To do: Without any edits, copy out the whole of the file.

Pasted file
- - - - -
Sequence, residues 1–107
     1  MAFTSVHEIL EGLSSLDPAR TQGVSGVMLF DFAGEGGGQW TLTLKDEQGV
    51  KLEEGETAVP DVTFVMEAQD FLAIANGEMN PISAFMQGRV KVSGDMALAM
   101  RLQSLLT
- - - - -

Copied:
Sequence, residues 1–107
     1  MAFTSVHEIL EGLSSLDPAR TQGVSGVMLF DFAGEGGGQW TLTLKDEQGV
    51  KLEEGETAVP DVTFVMEAQD FLAIANGEMN PISAFMQGRV KVSGDMALAM
   101  RLQSLLT